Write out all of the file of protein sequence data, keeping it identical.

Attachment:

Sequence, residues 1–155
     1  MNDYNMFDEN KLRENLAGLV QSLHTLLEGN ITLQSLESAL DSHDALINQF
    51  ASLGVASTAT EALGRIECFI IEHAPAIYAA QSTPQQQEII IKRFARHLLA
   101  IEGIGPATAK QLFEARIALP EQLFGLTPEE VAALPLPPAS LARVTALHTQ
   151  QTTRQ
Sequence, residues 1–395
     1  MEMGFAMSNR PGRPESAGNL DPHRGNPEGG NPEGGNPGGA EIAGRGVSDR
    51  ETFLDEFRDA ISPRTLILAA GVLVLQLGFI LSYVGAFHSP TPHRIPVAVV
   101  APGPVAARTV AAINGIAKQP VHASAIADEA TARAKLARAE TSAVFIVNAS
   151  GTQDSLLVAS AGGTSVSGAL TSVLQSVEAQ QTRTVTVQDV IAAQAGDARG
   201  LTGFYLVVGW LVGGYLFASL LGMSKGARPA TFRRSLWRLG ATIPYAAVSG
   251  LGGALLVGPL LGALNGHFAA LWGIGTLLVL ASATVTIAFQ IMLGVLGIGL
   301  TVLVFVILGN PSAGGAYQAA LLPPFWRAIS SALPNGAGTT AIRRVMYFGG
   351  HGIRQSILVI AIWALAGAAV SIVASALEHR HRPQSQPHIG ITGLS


Sequence, residues 1–155
     1  MNDYNMFDEN KLRENLAGLV QSLHTLLEGN ITLQSLESAL DSHDALINQF
    51  ASLGVASTAT EALGRIECFI IEHAPAIYAA QSTPQQQEII IKRFARHLLA
   101  IEGIGPATAK QLFEARIALP EQLFGLTPEE VAALPLPPAS LARVTALHTQ
   151  QTTRQ
Sequence, residues 1–395
     1  MEMGFAMSNR PGRPESAGNL DPHRGNPEGG NPEGGNPGGA EIAGRGVSDR
    51  ETFLDEFRDA ISPRTLILAA GVLVLQLGFI LSYVGAFHSP TPHRIPVAVV
   101  APGPVAARTV AAINGIAKQP VHASAIADEA TARAKLARAE TSAVFIVNAS
   151  GTQDSLLVAS AGGTSVSGAL TSVLQSVEAQ QTRTVTVQDV IAAQAGDARG
   201  LTGFYLVVGW LVGGYLFASL LGMSKGARPA TFRRSLWRLG ATIPYAAVSG
   251  LGGALLVGPL LGALNGHFAA LWGIGTLLVL ASATVTIAFQ IMLGVLGIGL
   301  TVLVFVILGN PSAGGAYQAA LLPPFWRAIS SALPNGAGTT AIRRVMYFGG
   351  HGIRQSILVI AIWALAGAAV SIVASALEHR HRPQSQPHIG ITGLS